Insistent. Persistent. Consistent.

Thinking beyond the guidelines when navigating the transgender journey

“We are like islands in the sea, separate on the surface but connected in the deep.”
― William James

Insistent.  Persistent.  Consistent.  Community standards generally use these descriptions of behavior as a guideline or indicator that a child is serious about their gender identity.

That being said, the absence of insistent, persistent and consistent articulation of one’s gender identity does not necessarily imply that a child is cisgender and not transgender.  It worries me that, if a child does not fit this guideline, they may be disregarded.  I was none of these – ever.  I was inconsistent, wishy washy, and unsure.  I am still trans. 

Backtracking or showing uncertainty and hesitation is normal.  One day they may feel like a boy then a girl the next day.  Many people do not have a clear path.  It can be confusing to watch somebody present feminine one day then masculine the next but there is no right or wrong way to do gender or be transgender and many people need to experiment with what feels right.

 It is okay to feel like a man, woman, neither or both.  It is ok to not know.

Apprehension and hesitation to move forward can exist.  Trans people, even children are acutely aware of opening up a can of worms as there is no way of knowing how people will react, how their lives will change, if friends will be accepting, how they will navigate schools or which restrooms to use.  Sometimes even if their present way of life is not gender affirming, it feels less scary to stay with what is most comfortable.  Often, trans people test the waters before moving forward.  As stressful as it is, you are under their microscope as they feel out your level of acceptance.

Your child does not need to be 100% certain for you to validate and believe them. Rarely in life is anybody 100% certain.  Another scenario is that kids can question gender, even go on hormones or blockers then decide that was not for them.  This does not invalidate transgender people nor does it mean that the child or parents made a mistake.  On the contrary, it shows adaptability, flexibility and growth.

It might help to remember that at this point/age nobody is making permanent decisions.   By letting a child present as the gender that they feel they are, you are giving them freedom to be themselves rather than forcing permanent change upon them.  Children are able to know themselves better than adults think they do.  By the age of 2, children have a concept of gender.    

Especially as adults, when things feel difficult, we want to be certain so we can feel validated in our decisions.  When things are changing, we want definitions so we know how to orient ourselves. We create labels so we know how to relate to each other.  We follow guidelines so we can avoid being wrong. 

Remove labels, definitions, certainty and expectations and what we have left is movement through time and change. Have faith and believe in the ones you love as they are in this moment.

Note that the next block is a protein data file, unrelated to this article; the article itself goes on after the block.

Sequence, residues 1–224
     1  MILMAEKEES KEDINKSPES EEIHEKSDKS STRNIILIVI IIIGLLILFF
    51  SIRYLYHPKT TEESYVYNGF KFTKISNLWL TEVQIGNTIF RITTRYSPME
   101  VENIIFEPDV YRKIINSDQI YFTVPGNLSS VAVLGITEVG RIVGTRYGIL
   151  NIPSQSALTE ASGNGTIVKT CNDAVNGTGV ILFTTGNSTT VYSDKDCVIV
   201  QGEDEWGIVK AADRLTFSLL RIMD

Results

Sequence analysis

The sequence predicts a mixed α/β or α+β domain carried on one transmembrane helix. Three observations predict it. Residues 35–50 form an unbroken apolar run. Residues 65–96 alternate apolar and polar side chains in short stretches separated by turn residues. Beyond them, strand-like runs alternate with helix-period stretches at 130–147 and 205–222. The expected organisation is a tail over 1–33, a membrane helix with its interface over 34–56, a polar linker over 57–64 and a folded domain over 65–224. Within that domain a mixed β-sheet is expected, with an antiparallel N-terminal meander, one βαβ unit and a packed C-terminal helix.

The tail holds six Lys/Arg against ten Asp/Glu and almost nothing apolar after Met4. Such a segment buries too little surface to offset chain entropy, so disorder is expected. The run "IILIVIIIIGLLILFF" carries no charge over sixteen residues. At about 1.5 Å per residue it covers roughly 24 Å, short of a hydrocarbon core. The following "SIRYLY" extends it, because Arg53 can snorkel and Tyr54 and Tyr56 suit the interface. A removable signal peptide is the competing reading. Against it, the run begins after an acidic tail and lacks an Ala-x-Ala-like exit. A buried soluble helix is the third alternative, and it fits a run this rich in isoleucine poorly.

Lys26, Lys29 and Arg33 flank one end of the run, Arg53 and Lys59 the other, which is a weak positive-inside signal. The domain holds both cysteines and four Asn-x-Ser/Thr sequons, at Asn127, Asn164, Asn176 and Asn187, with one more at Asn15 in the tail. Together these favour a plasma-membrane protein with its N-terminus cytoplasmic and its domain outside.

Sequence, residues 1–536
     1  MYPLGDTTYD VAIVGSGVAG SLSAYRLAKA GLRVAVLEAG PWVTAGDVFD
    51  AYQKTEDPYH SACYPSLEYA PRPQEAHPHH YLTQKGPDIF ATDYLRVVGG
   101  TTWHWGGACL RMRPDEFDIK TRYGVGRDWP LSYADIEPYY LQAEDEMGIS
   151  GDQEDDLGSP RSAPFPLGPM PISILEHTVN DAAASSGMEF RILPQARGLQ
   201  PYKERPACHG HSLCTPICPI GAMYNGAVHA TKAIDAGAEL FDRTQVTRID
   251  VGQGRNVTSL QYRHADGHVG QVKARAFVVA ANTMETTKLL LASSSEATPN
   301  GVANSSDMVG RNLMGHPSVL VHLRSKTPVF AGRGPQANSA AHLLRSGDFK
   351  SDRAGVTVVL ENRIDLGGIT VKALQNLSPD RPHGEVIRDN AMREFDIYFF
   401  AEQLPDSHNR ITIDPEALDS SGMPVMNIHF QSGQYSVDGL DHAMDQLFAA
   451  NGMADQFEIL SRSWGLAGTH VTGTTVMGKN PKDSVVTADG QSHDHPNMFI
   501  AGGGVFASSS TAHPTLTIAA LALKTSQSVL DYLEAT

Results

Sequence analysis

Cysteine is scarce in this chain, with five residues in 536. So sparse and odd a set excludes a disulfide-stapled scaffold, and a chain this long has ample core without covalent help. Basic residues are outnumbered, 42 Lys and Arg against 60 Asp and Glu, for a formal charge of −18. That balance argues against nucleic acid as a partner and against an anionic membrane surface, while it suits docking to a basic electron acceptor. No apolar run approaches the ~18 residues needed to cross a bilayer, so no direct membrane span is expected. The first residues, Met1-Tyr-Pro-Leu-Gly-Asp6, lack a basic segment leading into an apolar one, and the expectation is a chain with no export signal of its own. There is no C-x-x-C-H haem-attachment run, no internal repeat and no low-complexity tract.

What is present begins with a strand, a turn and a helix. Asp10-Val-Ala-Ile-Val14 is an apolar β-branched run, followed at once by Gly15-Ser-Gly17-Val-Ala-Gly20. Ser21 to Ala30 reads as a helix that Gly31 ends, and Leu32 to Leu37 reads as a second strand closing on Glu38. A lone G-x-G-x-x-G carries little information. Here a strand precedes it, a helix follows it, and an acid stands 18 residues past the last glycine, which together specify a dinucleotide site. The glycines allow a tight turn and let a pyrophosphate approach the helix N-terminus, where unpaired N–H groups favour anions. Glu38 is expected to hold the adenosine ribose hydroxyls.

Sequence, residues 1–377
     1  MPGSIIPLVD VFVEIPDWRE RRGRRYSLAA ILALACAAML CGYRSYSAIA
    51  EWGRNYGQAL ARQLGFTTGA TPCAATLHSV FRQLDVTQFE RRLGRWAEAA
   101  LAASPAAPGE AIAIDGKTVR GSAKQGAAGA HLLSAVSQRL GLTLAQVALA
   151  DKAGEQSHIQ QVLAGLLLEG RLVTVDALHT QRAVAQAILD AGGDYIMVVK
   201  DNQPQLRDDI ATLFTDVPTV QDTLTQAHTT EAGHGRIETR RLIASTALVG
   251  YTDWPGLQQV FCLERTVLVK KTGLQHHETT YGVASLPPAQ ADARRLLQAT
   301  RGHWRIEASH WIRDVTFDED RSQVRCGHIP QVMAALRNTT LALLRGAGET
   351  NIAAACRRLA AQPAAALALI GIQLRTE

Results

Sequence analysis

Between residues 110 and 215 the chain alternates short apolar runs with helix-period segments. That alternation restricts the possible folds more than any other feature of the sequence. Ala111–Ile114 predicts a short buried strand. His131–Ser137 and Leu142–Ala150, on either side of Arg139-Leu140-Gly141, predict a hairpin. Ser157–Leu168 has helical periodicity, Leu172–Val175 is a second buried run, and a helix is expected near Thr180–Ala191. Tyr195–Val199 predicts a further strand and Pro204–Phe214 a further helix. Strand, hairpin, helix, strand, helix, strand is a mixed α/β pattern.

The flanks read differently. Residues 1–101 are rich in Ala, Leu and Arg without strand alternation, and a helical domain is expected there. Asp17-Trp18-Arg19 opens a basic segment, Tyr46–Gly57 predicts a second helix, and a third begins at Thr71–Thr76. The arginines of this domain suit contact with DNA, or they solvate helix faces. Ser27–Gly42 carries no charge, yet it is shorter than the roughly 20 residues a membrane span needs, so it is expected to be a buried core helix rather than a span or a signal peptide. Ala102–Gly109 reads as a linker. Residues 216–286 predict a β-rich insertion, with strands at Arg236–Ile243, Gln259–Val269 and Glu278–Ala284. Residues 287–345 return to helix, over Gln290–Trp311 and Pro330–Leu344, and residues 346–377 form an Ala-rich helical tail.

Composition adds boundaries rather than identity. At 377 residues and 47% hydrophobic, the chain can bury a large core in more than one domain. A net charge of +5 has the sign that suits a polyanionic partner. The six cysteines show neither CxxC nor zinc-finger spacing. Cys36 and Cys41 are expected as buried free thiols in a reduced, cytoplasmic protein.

Honor their identity as it develops over time.  This builds unconditional love and a foundation of resiliency.  With that foundation the future is manageable no matter what it brings.


Published by Christian

I am a Certified Life Coach at Out and Proud Life Coaching, LLC. I coach and mentor transgender adults and parents with transgender children from all over the world. I help transgender adults through all stages of transition and I help parents navigate their personal journey to gain the understanding needed to best support their child. Please visit chrisjcoach.com or on Facebook at Out and Proud Life Coaching to learn more or sign up for a free 30-minutes session so we can get to know one another!

4 thoughts on “Insistent. Persistent. Consistent.

  1. I am so happy that children now are aware that there are other options than being cisgender. That gender is a spectrum vs a binary. Being an Xer, I was unaware that such things existed until the ripe age of 35! Then my personal journey started as I began my transition 8 years ago. This came as a huge surprise to all in my life, as I tried so hard to be the perfect woman, while feeling like I was play acting some part that someone else had written for me. When my mother found out, her first words were about how I didn’t ‘exhibit any of the signs’ of being trans as a child. When there is no other option, when you are told that this is what you are expected to be, of course you will try to behave the way society is telling you.

    Liked by 2 people

    1. Hi Hart, thanks for sharing a bit of your story! It makes me happy that you have found a more comfortable place outside the binary and I support you 100%! I can relate to much of what you shared so you definitely aren’t alone! People naturally have misconceptions about being trans which makes it even harder for people like us when we try to come out. By the way, in the somewhat near future, I will be incorporating stories from guest bloggers because I want other people’s voices to be heard. If this is something that interests you, feel free to email me at ChristianJCoach@gmail.com or find me on Facebook. Stay in touch!

      Liked by 1 person

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